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The Evanston Black Business Association and Evanston Library Friends held a rally on Oct. 9 at Lake Street Church, 607 Lake St. EBBA members said the group remains concerned that local contractors, particularly minority contractors and those located in the Fifth and Eighth wards, may not receive their fair share of work in the major federally funded purchase/rehab effort in those wards.
Library Friends said they were very concerned about the City Manager’s recommendation to close the branch libraries. The two groups made plans to speak at the Oct. 11 City Council meeting.
The Friends and the Branches
The Friends group coalesced as an ad-hoc coaltion of supporters of the North and South branch libraries and, later, of expanded library services throughout Evanston. During last year’s budget process, the City Council agreed to fund the branch libraries only through August of this year and told the Friends group they had to come up with the funds to keep the branches open for the remainder of this fiscal year, that is, until March 1 of next year. Within four months, the Friends had raised more than enough money from private sources to keep both branches open until March 1.
Last week the Library Board approved a budget with funding to keep the branches open five days per week for the next fiscal year. A few days later, however, City Manager Wally Bobkiewicz presented a proposed budget for the City that eliminate funding for the two branches.
The NSP2 Grant and the EBBA
The City has received $18 million in federal funds under the Neighborhood Stabilization Program (NSP2) to purchase and rehab 100 vacant and foreclosed homes in Evanston and return them to the market at prices deemed affordable under Housing and Urban Development Department (HUD) guidelines.
The City’s private partner and general contractor for the project is Northbrook-based Brinshore Development. Brinshore will control the money, the acquisitions and the subcontracting process.
City officials have said the application for the NSP2 funds required the City to choose a private partner with a record of managing large projects, and the City chose Brinshore Development.
Under the terms of the grant, 25 percent of the work must go to contracting companies that are owned by minorities or women or companies based in Evanston. Another percentage of the work should go to contractors in the target areas. Dennis Marino, assistant director of community and economic development for the City, told the RoundTable that Brinshore has committed to meeting “at least” a 25 percent hiring requirement.
A second opportunity comes through a HUD requirement called “Section 3,” Sarah Flax, community development block grant administrator for the City, said. “Section 3 employment is aimed at the target area. … It promotes area businesses in those two census tracts,” she said. An individual or a business with income less than 80 percent of the area median income (AMI) can apply to be certified as a Section 3 business or employee, Ms. Flax said. She added that the City will help local businesses obtain certification. “We’re doing this for Evanston businesses,” she said; “other businesses have to obtain certification on their own.”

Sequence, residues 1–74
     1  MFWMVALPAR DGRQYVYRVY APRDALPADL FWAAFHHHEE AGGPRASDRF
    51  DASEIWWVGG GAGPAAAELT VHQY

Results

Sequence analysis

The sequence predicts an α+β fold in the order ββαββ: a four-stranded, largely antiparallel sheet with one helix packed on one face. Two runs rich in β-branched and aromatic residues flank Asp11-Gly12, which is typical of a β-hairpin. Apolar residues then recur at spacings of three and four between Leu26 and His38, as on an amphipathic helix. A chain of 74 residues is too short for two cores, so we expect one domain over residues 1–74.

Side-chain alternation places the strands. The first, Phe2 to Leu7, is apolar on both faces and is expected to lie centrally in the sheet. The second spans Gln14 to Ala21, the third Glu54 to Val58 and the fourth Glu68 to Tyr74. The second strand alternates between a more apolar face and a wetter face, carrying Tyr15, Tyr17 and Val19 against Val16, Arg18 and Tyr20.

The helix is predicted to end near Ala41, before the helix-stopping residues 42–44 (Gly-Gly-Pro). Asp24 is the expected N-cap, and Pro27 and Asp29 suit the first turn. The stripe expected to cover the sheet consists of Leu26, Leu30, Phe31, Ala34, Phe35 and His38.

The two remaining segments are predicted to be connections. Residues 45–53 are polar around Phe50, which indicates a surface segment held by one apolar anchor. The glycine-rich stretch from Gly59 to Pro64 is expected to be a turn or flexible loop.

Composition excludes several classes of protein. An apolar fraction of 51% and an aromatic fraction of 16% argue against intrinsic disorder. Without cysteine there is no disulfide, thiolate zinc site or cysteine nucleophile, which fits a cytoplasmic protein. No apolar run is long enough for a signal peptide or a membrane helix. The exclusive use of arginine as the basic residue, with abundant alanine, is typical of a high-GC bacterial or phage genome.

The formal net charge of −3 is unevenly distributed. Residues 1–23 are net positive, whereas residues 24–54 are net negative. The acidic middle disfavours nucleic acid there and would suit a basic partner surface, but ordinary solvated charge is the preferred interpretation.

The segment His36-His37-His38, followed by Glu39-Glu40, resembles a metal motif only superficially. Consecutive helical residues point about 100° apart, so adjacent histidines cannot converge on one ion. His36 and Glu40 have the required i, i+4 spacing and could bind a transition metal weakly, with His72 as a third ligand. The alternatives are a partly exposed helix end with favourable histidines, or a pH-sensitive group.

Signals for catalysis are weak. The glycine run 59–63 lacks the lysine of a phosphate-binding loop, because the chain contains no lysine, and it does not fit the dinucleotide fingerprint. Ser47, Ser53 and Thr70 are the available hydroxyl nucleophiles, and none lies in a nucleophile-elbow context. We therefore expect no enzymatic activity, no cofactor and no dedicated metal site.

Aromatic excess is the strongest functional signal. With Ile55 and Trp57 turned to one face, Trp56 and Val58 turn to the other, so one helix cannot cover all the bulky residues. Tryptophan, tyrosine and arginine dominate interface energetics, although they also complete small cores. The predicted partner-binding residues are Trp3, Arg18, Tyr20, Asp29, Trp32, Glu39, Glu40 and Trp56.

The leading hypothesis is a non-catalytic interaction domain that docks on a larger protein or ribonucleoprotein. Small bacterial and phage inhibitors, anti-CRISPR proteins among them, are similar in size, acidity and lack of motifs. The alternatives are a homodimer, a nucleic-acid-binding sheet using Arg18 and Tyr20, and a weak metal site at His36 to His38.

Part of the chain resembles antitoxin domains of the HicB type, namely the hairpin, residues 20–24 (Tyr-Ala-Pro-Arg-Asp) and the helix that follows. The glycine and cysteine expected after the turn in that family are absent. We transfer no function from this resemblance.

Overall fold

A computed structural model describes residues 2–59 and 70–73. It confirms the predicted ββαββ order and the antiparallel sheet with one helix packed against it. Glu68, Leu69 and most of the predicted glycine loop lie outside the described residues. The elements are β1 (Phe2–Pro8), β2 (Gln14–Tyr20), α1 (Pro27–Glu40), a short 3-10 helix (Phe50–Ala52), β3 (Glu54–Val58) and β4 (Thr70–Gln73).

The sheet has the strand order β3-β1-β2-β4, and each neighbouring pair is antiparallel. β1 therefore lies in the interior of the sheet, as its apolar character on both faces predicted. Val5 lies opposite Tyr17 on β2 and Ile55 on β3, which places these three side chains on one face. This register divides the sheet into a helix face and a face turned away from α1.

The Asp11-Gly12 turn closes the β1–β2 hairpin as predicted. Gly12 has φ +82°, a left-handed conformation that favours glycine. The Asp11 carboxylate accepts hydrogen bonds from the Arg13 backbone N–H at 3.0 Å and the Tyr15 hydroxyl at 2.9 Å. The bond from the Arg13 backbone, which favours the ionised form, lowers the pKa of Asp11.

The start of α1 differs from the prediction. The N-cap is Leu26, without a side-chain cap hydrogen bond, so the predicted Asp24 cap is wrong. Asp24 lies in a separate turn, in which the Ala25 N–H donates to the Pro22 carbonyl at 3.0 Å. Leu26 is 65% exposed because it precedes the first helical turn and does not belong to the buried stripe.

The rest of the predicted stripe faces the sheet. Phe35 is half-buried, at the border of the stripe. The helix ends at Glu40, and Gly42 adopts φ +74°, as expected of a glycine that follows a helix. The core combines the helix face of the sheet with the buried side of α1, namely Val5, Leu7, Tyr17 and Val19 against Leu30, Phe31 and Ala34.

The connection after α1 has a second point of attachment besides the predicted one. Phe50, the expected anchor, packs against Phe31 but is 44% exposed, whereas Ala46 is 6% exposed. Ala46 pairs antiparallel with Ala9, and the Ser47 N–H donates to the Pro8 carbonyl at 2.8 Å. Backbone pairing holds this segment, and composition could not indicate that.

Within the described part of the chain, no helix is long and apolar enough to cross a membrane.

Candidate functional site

EBBA is nonetheless apprehensive about the amount of work its members will receive.
EBBA member Bennett Johnson said, ” We are black entrepreneurs who are trying to live the capitalist dream, and here comes the City and gives $14 million to one dude who lives in Northbrook.”
During citizen comment at the Oct. 11 City Council meeting, residents expressed their concerns about both issues.
Jim Hughes said, “Branches are truly the growth part of the library.” He produced figures showing that during 2009-10 there has been a “growth rate of 40-70 percent” at the two branches. “For about 9.5 percent of the budget, the branches are providing 75 percent of the key services of the library,” he added.
Jill Chamberlain said she felt the recommendation to cut the funding to the branches “made a mockery” of the citizens’ effort. She noted that many suggestions had been made at the citizens’ budget sessions that did not appear in the budget. “You owe it to your constituents not to be pitting residents against each other,” she said.
Charles Sheridan, a local contractor, said, “I’m not happy with you guys on City Council. When it comes to community benefits, you talk a lot; when it comes to giving out community benefits, it’s an entirely different thing.”
Junad Rizki appeared with Ponzi, his pink stuffed “budget” pig, to decry several items in the budget. He suggested that the City terminate the contract with its lobbyist, saving $200,000. He also said he believed the new 3-1-1 call center should be staffed with independent contractors, not employees, to save the City money in benefits and pensions.
Mr. Johnson combined the two issues by saying the Council has made or would make two decisions that would not help the unemployed youth of the community or help stop the “escalating violence in Evanston”: closing the branches and “giving 75 percent of the [NSP2] contracts to companies outside of Evanston.